When It’s Hard to Share Your Table with Difficult Family Members
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How to deal with difficult people. Sometimes, holidays are hard. Surrounded by our closest family and friends. When disagreements arise, words are flung like ammo in a mud ball fight with little consideration to whom we are speaking to. Leaving everyone covered in dirt and dealing with the mess.
The tongue is a weapon we take for granted. With the closeness of family and even with friends, we let down our shield and respect.
Our words and self-control are loosened, and on occasion, feelings are left crumbled on the floor. Hurt. If we are not careful, bitterness will start growing within our hearts.
We are having our Thanksgiving Dinner with our Pastor’s, both speak English and Spanish, are from the states, and homeschool their kids!! There will be turkey and pumpkin pie, however, I was unable to find hashbrowns for a hashbrown casserole. Yet, it will be a memorial Thanksgiving!!
Thinking back on past Thanksgiving’s with my family and friends, my heart swells with gratitude. Not because I had a perfect life, family and friends, but because each person and moment is a gift from God. These gifts should be looked at with an open heart of gratitude.
I’m thankful for the ones that have sat at my table, yes, even the difficult ones.
How to deal with difficult people
How can we be grateful for the ones that sit at our table during the holidays when their words or actions pierce our hearts?
With Grace, Mercy, and Love
With humble hearts, laying the hurt at the feet of Jesus and realizing that the Holy Father in Heaven loves us so much. Daily soak in His amazing, overwhelming love for us. Then praying for those that hurt you.
He offers us grace, mercy and love and asks us to over-fill our hearts with these precious items so we can give to others. Reminding ourselves that the close loved ones that may have hurt us, God loves them too. So with grace, mercy and love be grateful.
Even the closest of family and friends have their secrets and may not allow us into the darkest struggles of their life.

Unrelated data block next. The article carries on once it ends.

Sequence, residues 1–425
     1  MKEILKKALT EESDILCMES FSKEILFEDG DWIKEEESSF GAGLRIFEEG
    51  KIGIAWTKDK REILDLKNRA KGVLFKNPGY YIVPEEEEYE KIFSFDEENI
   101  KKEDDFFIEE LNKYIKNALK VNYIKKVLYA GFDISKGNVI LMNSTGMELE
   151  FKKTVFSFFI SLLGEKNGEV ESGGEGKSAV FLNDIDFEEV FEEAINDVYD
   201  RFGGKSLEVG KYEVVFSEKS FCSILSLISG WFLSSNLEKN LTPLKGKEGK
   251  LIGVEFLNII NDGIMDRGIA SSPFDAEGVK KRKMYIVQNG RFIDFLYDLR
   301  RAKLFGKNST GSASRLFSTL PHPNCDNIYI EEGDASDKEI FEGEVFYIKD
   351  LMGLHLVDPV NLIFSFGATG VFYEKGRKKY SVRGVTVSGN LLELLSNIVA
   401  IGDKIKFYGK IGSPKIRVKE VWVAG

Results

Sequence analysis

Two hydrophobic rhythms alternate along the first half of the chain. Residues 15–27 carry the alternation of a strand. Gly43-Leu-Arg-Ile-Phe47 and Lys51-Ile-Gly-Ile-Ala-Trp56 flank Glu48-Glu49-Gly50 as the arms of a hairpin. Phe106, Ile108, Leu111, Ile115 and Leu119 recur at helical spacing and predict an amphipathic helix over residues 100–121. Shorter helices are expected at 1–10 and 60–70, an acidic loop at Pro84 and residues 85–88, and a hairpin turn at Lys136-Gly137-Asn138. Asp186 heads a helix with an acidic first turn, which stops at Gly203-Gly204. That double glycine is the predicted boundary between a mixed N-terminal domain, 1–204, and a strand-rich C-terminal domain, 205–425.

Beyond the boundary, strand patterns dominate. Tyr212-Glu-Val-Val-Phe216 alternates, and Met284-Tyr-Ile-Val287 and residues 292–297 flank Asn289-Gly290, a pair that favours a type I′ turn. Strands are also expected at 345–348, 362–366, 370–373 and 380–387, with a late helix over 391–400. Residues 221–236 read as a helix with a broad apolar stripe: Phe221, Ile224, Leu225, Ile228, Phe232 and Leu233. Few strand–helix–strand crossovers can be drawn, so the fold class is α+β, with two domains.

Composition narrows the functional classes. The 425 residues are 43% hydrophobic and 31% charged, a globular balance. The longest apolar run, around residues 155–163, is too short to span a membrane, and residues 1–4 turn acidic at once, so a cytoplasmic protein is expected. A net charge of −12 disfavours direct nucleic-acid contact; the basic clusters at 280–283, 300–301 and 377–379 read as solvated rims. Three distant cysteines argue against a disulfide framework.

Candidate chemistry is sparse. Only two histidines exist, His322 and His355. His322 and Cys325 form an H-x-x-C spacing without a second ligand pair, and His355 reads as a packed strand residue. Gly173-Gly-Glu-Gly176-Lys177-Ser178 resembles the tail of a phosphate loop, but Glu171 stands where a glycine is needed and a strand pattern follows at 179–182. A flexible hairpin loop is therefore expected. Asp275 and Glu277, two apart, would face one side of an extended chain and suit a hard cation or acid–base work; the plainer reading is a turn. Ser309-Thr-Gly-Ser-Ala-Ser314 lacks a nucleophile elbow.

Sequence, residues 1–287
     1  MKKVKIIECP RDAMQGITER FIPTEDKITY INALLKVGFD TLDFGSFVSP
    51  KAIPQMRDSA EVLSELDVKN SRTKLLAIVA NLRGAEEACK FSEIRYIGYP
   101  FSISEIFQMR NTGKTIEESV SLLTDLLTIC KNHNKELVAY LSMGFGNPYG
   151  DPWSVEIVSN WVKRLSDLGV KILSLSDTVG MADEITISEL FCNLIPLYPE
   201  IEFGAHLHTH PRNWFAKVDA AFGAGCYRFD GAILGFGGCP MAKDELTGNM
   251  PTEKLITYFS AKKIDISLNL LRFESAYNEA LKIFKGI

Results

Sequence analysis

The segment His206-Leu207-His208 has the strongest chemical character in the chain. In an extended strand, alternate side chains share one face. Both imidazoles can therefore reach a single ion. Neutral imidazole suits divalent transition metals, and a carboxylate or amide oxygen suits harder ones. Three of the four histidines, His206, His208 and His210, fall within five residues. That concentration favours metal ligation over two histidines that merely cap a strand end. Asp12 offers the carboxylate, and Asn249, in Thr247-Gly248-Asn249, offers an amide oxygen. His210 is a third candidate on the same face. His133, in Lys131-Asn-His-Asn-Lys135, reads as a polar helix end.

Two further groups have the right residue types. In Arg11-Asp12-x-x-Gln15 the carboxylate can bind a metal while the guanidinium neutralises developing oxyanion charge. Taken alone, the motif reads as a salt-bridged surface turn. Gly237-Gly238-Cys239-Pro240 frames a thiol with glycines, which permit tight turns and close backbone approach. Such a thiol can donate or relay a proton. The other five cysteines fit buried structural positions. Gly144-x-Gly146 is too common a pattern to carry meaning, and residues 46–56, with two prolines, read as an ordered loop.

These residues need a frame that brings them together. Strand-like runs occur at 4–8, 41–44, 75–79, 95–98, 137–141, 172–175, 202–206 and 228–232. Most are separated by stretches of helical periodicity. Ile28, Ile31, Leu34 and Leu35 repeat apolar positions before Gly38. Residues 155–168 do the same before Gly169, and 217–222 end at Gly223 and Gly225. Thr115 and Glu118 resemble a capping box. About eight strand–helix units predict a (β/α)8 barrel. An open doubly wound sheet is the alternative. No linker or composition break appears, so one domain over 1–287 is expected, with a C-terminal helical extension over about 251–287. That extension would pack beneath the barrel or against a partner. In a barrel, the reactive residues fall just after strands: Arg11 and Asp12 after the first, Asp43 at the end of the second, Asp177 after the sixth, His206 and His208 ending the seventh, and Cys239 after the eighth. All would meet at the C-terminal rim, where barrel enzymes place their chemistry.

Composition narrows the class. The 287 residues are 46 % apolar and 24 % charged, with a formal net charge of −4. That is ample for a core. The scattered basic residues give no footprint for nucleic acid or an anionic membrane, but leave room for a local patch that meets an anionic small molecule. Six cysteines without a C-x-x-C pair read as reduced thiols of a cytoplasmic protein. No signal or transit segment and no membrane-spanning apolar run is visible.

Often times, fear makes us respond with what looks like disrespect and anger. Please know that the words and actions of others do not reflect who you are, but it is a deeper insight into the author of these actions and hurtful words. So with compassion, be grateful.
With Remembering the Good Times
Count the good memories. When we find our hearts and thoughts dwelling on the pain that someone has caused us, let’s stop ourselves and count the good moments and memories we’ve had with this person. If it’s a hard struggle, write down all the good things about this person and read your list when you need help remembering. So with remembering the good, be grateful.
Fully understand that God calls us to forgive others even when they do not apologize. Doing this frees our hearts and guards us against bitterness. Forgiving someone, even if they haven’t apologized, is about your freedom, your spiritual life, trusting God, and your responsibility to move forward. So with forgiveness in your heart, be grateful.
With a heart running after God, soaking in His Word daily and wanting to bring glory to Him be grateful for everyone at your table. Not just on holidays, but every meal.
These people at your table, God has given to you to love on, encourage, learn from, grow from, and ultimately shine His light and share His message to.
“Let the message of Christ dwell among you richly as you teach and admonish one another with all wisdom through psalms, hymns, and songs from the Spirit, singing to God with gratitude in your hearts. And whatever you do, whether in word or deed, do it all in the name of the Lord Jesus, giving thanks to God the Father through him” Colossians 3:16-17